This Policy Brief by Wendell Cox, Senior Fellow of the Center for Opportunity Urbanism responds to The Economist cover story on home ownership as a key factor in the housing crisis.
An excerpt is below, with a link to download the full report.
The January 16, 2020 cover story in The Economist magazine trumpeted “The West’s biggest economic policy mistake: It’s obsession with homeownership undermines growth, fairness and public faith in capitalism. “The Economist explains:
“The soaring cost of housing has created gaping inequalities and inflamed both generational and geographical divides. In 1990 a generation of baby-boomers, with a median age of 35, owned a third of America’s real estate by value. In 2019 a similarly sized cohort of millennials, aged 31, owned just 4%.”
The Economist further notes that the rising wealth and income inequality identified by economist Thomas Piketty are explained by “growing returns on housing,” which Northwestern University economist Matthew Rognlie says are “almost entirely driven by housing.”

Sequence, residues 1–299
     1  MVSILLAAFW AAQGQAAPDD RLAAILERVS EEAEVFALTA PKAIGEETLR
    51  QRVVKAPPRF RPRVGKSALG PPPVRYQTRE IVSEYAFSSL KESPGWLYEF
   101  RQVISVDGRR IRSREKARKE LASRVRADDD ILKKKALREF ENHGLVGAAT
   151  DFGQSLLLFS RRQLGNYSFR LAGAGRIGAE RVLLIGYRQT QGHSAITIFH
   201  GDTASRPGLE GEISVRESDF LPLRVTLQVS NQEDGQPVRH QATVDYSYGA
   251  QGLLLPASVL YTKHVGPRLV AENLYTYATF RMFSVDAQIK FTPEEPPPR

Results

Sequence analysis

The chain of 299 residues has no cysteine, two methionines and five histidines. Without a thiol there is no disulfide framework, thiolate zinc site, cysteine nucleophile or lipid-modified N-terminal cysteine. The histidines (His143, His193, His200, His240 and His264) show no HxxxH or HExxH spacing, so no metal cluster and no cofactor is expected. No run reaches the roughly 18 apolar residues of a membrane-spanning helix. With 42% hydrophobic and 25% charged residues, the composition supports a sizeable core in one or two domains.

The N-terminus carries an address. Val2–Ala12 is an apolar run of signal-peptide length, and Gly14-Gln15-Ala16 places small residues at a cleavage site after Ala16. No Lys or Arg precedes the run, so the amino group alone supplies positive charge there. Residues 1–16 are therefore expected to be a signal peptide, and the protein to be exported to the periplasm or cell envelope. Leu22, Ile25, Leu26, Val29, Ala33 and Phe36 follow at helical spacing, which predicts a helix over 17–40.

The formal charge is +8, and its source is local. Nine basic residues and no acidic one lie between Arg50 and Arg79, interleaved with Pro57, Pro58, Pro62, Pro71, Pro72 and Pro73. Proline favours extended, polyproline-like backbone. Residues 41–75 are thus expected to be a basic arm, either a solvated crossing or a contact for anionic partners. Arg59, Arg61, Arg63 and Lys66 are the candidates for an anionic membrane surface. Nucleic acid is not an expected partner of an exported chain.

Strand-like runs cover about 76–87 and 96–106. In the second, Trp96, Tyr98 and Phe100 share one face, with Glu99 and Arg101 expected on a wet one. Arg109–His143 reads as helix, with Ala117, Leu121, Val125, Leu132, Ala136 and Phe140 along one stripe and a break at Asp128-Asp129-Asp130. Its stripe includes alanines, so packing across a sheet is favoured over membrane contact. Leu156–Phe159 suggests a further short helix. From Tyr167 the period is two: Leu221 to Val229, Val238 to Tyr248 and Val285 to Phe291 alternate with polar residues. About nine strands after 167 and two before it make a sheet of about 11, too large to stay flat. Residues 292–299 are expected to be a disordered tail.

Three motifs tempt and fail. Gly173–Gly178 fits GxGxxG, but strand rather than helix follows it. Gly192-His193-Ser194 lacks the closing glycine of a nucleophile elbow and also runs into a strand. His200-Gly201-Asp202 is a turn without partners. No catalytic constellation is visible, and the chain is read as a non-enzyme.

The Economist is not alone in this concern. In a recent report (Under Pressure: The Squeezed Middle-Class), the Organization for Economic Cooperation and Development (OECD) finds that the middle-class is under threat in many nations. OECD says of the middle-class that “there are now signs that this bedrock of our democracies and economic growth is not as stable as in the past.” The threat is indicated by the fact that costs of living are rising much faster than incomes. OECD places much of the blame on “house prices have been growing three times faster than household median income over the last two decades.”
The extent to which middle-class bedrock is being undermined is indicated by The Economist’s conclusion that “Young people’s view that housing is out of reach—unless you have rich parents—helps explain their drift towards “millennial socialism”.
These concerns are understandable. Unlike previous generations, younger people, do not believe their futures will be better than that of their parents, which Harvard economist Benjamin Friedman has shown is necessary for people to believe they can “get ahead.” In many markets they have little or no prospect of home ownership. Pointing to the demonstrated failures and hopelessness of socialism is of little solace to those most victimized by the middle-income economic crisis.
To read or download the full report click here.